As David Frum put it, “the gap between this plan and traditional Republican ideas is not very big. The Obama plan has a broad family resemblance to Mitt Romney’s Massachusetts plan. It builds on ideas developed at the Heritage Foundation in the early 1990s that formed the basis for Republican counter-proposals to Clintoncare in 1993-1994.” Now, the GOP has every right to oppose everything, even common-sense, moderate proposals like this health care bill. But then when they lose, they can’t whine about how they didn’t receive enough condescension from the majority party.

  • SFTor1

    Just amazing.

    Stop lying Mr. Vecchione, you’ll feel better.

  • knowtheory

    Dude, the bill that got passed WAS the compromise. Liberals are fuming at what stands for health care/insurance reform in this nation.

    It’s also bizarre to characterize Democratic negotiating as being done in bad faith. Where do you see the public option? Do you genuinely believe that Dems wouldn’t have taken on tort reform, or reducing interstate barriers to insurance if Republicans had put together a credible proposal?

    Obama outlined the specific problems that he wanted to avoid in implementing tort reform and interstate insurance, which sounds like a considered *policy* discussion, and what was the Republican response? A deafening silence.

    So, come on John, you tell me what the Republicans actually wanted to do to fix health care, and where and when they discussed it with the Democrats, and when the Democrats left them hanging, and i’ll reconsider whether the negotiations were done in good faith.

    But until then, seriously dude, get real. It’s hard to negotiate, even in bad faith, when there’s nobody to negotiate with. (and remember Republicans in Baucus’s gang of six were freaking out at town halls decrying democratic efforts as socialism designed to kill grandma WHILE being simultaneously involved in negotiations. Can we have a dose of reality here please?)

  • rjcrawford33

    So is Vecchione arguing the flipside corollary, that the GOP was negotiating in good faith? As Michael Corleone said, “that makes me very angry because it insults my intelligence.”

    Many of the elements of the basic approach of the bill are FROM THE HERITAGE FOUNDATION!! The truth is, the GOP wanted it to fail, not for complex ideological reasons, but as pure partisan politics. The GOP refused to negotiate or even cooperate, rather than attempt to call Obama’s bluff by advancing constructive ideas. Frum is essentially correct in his assessment: the GOP would have gotten more by negotiating. Instead, with virtually no exceptions, the GOP relied on fear mongering, distortion, and lies.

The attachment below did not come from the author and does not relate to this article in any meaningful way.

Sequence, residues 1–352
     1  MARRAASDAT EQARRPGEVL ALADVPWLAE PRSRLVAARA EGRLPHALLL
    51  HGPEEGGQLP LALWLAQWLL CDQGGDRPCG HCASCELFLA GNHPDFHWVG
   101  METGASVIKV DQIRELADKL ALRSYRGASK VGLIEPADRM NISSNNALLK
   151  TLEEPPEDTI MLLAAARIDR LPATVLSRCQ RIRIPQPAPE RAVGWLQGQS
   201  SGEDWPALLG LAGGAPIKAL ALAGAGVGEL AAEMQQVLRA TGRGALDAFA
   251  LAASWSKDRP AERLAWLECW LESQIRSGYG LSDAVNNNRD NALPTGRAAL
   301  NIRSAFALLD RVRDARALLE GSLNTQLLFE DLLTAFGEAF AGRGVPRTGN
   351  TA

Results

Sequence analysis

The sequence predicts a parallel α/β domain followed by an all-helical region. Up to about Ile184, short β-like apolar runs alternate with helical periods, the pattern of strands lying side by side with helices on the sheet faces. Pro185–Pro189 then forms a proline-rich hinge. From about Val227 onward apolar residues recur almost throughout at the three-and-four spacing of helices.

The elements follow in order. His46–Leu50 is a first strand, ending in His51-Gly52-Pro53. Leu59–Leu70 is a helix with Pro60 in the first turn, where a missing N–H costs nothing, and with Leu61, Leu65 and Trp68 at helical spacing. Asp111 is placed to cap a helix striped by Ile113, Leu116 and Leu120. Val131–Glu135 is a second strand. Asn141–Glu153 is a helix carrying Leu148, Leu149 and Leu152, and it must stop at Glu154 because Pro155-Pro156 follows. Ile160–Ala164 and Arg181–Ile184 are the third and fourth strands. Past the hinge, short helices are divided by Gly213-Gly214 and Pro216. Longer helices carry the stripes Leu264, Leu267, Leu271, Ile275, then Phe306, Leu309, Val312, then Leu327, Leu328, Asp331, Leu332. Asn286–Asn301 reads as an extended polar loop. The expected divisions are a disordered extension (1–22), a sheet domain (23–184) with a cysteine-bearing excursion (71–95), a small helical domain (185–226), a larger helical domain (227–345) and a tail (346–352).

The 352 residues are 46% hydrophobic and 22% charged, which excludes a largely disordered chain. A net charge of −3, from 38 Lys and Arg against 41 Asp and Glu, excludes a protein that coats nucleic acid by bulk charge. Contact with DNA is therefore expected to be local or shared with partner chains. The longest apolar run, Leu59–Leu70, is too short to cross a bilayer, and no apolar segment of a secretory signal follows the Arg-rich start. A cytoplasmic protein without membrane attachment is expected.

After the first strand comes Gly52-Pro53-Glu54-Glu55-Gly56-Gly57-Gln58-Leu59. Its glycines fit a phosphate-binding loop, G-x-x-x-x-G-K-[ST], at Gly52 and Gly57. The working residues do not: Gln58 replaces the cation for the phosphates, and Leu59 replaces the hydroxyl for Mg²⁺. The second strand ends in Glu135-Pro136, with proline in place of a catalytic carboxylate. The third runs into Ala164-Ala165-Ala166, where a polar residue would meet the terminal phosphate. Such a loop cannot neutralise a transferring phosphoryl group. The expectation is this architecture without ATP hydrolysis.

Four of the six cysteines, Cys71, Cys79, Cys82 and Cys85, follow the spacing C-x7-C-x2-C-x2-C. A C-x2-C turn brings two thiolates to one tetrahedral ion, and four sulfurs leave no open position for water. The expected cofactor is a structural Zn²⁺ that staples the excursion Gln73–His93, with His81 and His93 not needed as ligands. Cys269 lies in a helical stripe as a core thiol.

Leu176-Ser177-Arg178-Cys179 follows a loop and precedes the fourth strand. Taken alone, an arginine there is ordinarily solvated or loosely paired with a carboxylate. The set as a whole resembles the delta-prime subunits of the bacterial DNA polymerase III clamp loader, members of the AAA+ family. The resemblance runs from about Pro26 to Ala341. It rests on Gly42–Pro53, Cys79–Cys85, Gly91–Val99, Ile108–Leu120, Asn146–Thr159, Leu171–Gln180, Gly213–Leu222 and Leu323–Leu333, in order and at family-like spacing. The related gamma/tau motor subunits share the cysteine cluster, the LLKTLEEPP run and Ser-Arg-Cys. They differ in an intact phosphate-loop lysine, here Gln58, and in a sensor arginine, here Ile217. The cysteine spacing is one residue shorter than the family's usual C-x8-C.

What this means is that the GOP has left me behind, a moderate conservative. I cannot support the party and lament its fall into naked demagoguery.

  • ottovbvs

    ……I’ve got one word for Mr Vecchione……WATERLOO…..It’s a pity he can’t exhibit the same intellectual honesty as David Frum……the Republicans never had any intention of cooperating on this bill and most of the country knows it…….if they were not willing to support efforts to stabilize the economy when it was teetering on the edge of economic collapse there was no way they were going to support HCR……and until their entire strategy collapsed they didn’t really make much secret of it……now it has collapsed we’ve got this rather laughable spin from Vecchione……I’d give it up if I were him because the president gave the Republicans plenty of rope to hang themselves……and they used it!

  • jefeweiss

    The Democrats have negotiated health care with the Republicans of 15 years ago. There are so many things in the bill that passed that were first proposed by Republicans. It seems like the Democrats have become a bipartisan party all by themselves and have all of the reasonable people on their side. A blue dog Democrat of today is a Republican of the past.